Of the two ways companies can return cash to shareholders – dividends and share buybacks – which is better for investors? How about a combination of both! Many companies that buy back shares also pay dividends – and the author of today’s article points out that “by including buybacks in their definition of ‘yield’, yield-seeking investors can greatly widen their opportunity set.” For 10 undervalued companies that are standouts when it comes to total shareholder yield, CLICK HERE.
“A solid growth play is a name that appears poised to not only grow at an above-average rate but also reward investors handsomely over the long run,” notes the author of today’s article, who proceeds to highlight three “Buy-rated stocks flagged by the analysts for their strong long-term growth narratives. On top of this, each boasts substantial upside potential from the current share price.” For these three stocks – including a biopharmaceutical company focused on underserved patient communities – For more, CLICK HERE.
Stocks trading under $10 tend to be lesser-known names, but today’s article highlights five stocks currently priced under $10 that are all very well-known names – and which have big upside potential to analysts’ price targets. For these five well-known stocks which may appeal to more aggressive traders looking “at lower-priced stocks as a way to not only make some good money but to get a higher share count,” CLICK HERE.
A railroad operator, a Canadian bank, a global healthcare company with a focus on diabetes care, a tobacco company, and a biotech focused on treatments for unmet medical needs make up the five companies highlighted in today’s article as being undervalued and having grown their earnings per share over a five-year period, with the author noting that “Companies that are growing their earnings are often good investments because they can return a solid profit to investors.” For these five stocks that are attracting the interest of investing gurus, CLICK HERE.
It is often stated that society today has become too litigious – but there’s a profit-making opportunity in all that litigiousness. As the author of today’s article notes, “high-visibility trials don’t kill companies—although they do hurt their share price in the short-run. From McDonald’s to the tobacco space, buying during times of literal trial are often the most profitable” – and he highlights one area of litigation currently forming that could prove to be on par with that once faced by the tobacco industry. For more, CLICK HERE.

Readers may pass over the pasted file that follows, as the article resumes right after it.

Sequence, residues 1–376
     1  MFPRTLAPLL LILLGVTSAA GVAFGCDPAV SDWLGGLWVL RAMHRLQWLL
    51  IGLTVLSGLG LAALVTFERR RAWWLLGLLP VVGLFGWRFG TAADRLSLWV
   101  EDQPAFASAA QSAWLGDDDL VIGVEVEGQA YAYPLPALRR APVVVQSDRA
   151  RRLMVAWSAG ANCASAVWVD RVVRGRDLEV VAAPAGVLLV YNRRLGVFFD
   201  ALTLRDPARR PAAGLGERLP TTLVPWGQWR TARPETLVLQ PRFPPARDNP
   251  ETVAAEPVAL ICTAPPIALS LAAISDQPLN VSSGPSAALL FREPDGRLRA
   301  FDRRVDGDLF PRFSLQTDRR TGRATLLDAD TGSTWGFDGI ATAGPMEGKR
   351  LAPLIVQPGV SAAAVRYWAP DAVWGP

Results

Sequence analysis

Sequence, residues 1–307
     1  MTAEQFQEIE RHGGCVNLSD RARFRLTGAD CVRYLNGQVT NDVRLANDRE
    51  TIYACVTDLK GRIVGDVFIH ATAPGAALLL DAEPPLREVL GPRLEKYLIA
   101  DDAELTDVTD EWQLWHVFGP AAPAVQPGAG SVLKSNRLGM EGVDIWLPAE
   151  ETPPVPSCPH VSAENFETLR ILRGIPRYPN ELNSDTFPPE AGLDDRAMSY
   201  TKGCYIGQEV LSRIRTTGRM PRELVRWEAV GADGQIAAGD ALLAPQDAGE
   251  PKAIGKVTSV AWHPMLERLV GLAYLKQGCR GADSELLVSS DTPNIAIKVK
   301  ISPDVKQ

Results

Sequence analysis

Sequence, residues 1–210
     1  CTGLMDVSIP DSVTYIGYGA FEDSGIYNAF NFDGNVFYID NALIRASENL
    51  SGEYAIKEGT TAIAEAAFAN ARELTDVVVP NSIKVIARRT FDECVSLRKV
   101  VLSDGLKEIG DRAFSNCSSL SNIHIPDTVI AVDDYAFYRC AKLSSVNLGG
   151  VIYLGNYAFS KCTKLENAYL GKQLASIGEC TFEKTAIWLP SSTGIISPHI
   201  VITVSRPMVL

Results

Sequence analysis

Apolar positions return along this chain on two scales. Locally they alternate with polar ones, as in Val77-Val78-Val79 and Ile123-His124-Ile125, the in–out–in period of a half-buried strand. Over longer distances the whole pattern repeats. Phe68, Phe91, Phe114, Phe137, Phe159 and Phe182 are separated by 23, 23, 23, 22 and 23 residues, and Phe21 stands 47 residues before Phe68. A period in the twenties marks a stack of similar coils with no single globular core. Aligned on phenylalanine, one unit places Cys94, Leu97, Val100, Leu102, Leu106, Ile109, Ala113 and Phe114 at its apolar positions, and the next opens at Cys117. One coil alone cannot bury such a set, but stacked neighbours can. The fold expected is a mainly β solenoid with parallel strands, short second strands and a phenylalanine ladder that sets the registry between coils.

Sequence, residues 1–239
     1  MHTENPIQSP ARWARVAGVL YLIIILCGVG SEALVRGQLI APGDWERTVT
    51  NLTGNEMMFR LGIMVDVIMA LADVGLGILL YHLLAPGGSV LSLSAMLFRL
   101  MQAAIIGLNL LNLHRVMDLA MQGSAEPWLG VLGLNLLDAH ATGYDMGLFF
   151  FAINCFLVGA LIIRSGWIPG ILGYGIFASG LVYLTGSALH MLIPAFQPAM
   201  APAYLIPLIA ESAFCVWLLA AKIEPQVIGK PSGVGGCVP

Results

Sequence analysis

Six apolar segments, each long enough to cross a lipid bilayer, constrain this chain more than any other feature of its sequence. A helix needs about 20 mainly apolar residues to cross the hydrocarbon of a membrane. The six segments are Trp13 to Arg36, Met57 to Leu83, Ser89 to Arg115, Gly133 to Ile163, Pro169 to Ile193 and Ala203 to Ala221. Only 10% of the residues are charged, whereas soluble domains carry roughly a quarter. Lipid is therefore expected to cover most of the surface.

A health care company whose shares are up 57% in the past year and which, unlike many other health care companies, is not threatened by the possibility of a “Medicare for All” type system (in fact, it could actually benefit from a national health insurance model) leads a selection of stocks that have risen sharply (50% or more) in the past 12 months and appear to have the potential for further gains. For these stocks that may be worthy of consideration, CLICK HERE.
With the chance to bring positive change to underserved areas, the potential for outsized returns and the prospect of substantial tax breaks, opportunity zones are a hot investment idea in real estate. The one big catch? As today’s article notes, “Unlike buying shares of Apple or Google, which you can sell whenever you’d like or hold on to forever, investing in an opportunity zone has a set of time hurdles set by the special tax treatment.” So are opportunity zones the right opportunity for you? The author examines what investors need to consider – including the key decision they need to make about their investment strategy. For more, CLICK HERE.
Today’s article describes them as “offer[ing] investors a hassle-free way to purchase shares of international companies without having to deal with foreign markets or contend with hefty overseas banking fees.” We’re talking about American Depositary Receipts (ADRs), which can serve as an easy way to diversify a portfolio. How do ADRs work, and what do prospective investors need to understand about the different types of ADRs? CLICK HERE.
Low-priced stocks offer investors – especially more aggressive traders – the opportunity to not only make a decent profit in the event of even relatively small price moves, but also to buy more shares than they would be able to of large-cap stocks. Today’s article highlights five stocks trading under $10 that the authors believe “While more suited for aggressive accounts… could prove exciting additions to portfolios looking for solid alpha potential.” For these five stocks – including a company that “could be poised for big gains as liquefied natural gas (LNG) exporting continues to ramp higher”, CLICK HERE.
For mature companies without significant growth opportunities to fund, and with shareholders to please, there are two standard ways to use excess cash: distribute said cash directly to shareholders in the form of dividends, or use it to buy back shares. But which of these approaches is better for investors? Today’s article examines this question – including looking at the tax implications of each approach for investors. For more, CLICK HERE.